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Redemptive History and the New Testament Scriptures (Biblical and Theological Studies) Paperback – June 1, 1988
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'Committing the apostolic tradition to writing settled once and for all the question of what had occurred, and it prevented further misunderstanding or falsification. This fixing of the apostolic tradition in written, ascertainable form finally led to a written canon.' p 22
'This emphasis on the written Scriptures as themselves the product of a divine activity, making them as such the divine voice to us, is characteristic of the whole treatment of Scripture by Paul (Rom 4:23, 15:4; 1 Cor 4:6, 9:10; 1 Cor 10:11).' BB Warfield, The Inspiration & Authority of the Bible p 318
This being his introduction to general canonics, Ridderbos maintained his insistence on a fundamental difference between the recording of redemptive history and the collection of such history, which both occurred under guidance of the Holy Spirit, but the 'various operations of the Spirit that occurred later in church history can never be substituted for or equated with the canon.' p 27 Ridderbos firmly believed the Scriptures functioned as authoritative texts in early Christianity: 'Against that charismatic understanding of authority in the early church, one can point to the historical, once-for-all character of the New Testament revelation of God.' p 27 And Ridderbos subscribed to the practice that those who had collected the canon, revered the inherent authority of the authentic manuscripts: 'We shall have to recognize, without abandoning our a priori of faith, that the decisions made with regards to the limits of the canon conform to the existence of the canon.' p 47
Ridderbos' understanding was that because the original autographs could not, the received canon was to serve as the final authority. Besides sweeping aside the German 'zeitgeist' theories, Professor Ridderbos uprooted the contention of the Roman Catholic Church that it had assembled and approved the books of the NT, when in fact most of the canon had already been settled on by the close of the 2nd century.
'The canon is neither the result of an ecclesiastical survey nor of the consistent application of one or more formal criteria of canonicity. In that connection we must always take into account the tremendous influence that the original canon, that is, the body of the canon that was never questioned within the church, must have had in shaping judgments of the church and its leading figures. In our recognition of the canon, therefore, we must ultimately adopt the standpoint of faith, that the church has, in fact, received its foundation secured by Christ.' pp. 46-47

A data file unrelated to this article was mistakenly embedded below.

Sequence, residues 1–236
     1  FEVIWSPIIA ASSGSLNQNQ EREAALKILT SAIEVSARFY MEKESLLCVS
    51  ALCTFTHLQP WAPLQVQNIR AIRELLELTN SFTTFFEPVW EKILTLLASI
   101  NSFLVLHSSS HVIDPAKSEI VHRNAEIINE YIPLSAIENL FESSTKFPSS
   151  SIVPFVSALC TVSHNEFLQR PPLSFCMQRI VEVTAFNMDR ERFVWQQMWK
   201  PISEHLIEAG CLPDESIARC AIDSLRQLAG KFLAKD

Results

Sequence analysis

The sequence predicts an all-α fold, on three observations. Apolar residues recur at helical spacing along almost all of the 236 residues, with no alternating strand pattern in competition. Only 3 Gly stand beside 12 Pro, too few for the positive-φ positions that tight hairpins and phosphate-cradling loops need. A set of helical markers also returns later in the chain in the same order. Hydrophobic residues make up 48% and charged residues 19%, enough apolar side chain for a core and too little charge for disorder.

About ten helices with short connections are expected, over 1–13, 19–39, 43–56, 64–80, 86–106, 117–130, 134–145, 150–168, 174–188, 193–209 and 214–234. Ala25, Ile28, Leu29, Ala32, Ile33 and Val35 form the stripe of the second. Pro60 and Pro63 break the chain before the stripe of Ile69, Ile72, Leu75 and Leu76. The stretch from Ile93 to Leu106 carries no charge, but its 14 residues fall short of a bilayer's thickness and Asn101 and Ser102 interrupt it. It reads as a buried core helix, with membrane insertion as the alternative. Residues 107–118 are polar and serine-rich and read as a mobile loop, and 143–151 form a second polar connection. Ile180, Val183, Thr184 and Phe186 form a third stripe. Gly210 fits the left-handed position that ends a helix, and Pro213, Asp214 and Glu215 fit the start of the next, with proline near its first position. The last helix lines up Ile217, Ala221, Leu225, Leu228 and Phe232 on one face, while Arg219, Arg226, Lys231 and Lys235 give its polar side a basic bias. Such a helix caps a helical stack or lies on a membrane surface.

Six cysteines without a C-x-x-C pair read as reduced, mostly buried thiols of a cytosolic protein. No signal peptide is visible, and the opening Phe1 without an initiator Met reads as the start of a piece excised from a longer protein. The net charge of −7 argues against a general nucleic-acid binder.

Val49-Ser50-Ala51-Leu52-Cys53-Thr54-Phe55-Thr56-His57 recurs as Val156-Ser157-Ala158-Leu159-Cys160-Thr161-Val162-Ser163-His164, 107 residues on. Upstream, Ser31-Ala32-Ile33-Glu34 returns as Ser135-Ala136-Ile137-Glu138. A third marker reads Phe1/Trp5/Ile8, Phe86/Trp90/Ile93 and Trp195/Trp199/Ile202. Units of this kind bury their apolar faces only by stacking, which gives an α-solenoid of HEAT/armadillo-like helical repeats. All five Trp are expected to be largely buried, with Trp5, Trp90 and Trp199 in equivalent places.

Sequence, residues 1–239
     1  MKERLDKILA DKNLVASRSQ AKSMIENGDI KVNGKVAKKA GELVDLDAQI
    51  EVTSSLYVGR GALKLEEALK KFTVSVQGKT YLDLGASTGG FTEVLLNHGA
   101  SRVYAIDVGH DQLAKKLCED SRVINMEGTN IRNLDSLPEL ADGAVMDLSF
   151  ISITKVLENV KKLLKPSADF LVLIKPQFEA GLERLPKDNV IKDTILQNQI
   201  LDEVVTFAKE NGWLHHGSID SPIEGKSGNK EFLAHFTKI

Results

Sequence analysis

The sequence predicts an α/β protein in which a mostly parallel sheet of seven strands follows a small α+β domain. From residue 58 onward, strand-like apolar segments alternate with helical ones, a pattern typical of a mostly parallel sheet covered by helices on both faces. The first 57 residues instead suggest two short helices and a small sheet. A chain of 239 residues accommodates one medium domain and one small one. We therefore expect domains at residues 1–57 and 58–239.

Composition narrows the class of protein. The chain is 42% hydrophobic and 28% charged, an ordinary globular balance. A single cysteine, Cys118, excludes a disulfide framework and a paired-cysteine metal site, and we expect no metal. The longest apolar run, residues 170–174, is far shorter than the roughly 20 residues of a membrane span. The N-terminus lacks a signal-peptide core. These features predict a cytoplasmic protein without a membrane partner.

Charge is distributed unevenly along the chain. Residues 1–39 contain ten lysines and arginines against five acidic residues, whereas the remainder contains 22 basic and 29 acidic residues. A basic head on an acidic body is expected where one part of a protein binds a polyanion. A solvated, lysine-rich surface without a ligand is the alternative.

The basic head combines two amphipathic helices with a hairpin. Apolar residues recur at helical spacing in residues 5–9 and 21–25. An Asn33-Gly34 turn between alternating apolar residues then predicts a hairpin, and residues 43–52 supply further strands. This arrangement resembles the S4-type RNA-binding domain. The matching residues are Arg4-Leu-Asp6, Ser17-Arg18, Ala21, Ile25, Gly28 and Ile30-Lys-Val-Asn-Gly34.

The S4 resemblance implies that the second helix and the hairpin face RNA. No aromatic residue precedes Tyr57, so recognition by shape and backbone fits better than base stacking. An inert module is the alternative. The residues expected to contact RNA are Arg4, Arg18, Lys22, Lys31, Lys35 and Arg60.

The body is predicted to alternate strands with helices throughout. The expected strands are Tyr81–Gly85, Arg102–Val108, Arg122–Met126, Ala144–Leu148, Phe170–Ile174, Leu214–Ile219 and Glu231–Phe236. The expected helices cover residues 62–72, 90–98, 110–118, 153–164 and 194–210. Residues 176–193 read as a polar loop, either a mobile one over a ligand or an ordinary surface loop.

Herman Ridderbos placed the revealed (and recorded) words on a par with the acts and work of the historical Jesus, thereby making the writings of the NT divinely exclusive and once-for-all, resulting in a closed canon. Ridderbos succeeded in establishing a sound basis for the reliability of Scripture and his assertion of the a priori of the Christian faith is especially memorable.
analysis of biblical passages relating to the theology of revelation, the role of the apostles, the nature of the transmission of the faith in the age of the apostles.
Completely misrepresents the Catholic Church. Also, barely gives an argument for why the written canon (tradition, revelation) had to completely replace the oral canon. The argument that is given is flimsy and does not follow from any evidence, nor does it lead to the conclusion he gives. Misses the continuing role of the church in the transmission of the faith. Quotes a couple of church Fathers regarding the role of written canon, but fails to analyze the many quotes from those same people affirming the role of oral tradition and the authority of the Church.
As a reading layman accustomed to theology and biblical studies, it still took me a while to work through this little book. Though it is thin, it is dense, and it is a translation from Dutch with many end notes (footnotes would have made it significantly easier to read, IMHO). In short, expect to do some work, not fly through an easy read.
Ridderbos makes some complicated arguments and interacts with mostly continental, liberal scholars in some detail. While I could see professionals or researchers might find this interaction to be welcome, for my purposes it was too much detail, though I did appreciate the general points made therein (e.g., his reasons for rejecting the subjectivism of an implicit or explicit "canon within a canon" approach).
Sometimes I wished he would expand on some particular claim, and I would often (but not always) find such later in the text. In these cases, a footnote like "see pp. nn-mm" would have been a helpful reading aid so I didn't labor over understanding a terse statement of what would be developed in a more explicit fashion later.
Not all of his arguments are equally convincing to me (e.g., his argument for the closing of the canon -- revelation always accompanies the big events in redemptive history; the coming of Christ was the consummation of redemptive history; therefore, the canon is also consummated by this once-for-all event), but all in all, it's a useful book for someone studying the issues of NT introduction, particularly canon and authority.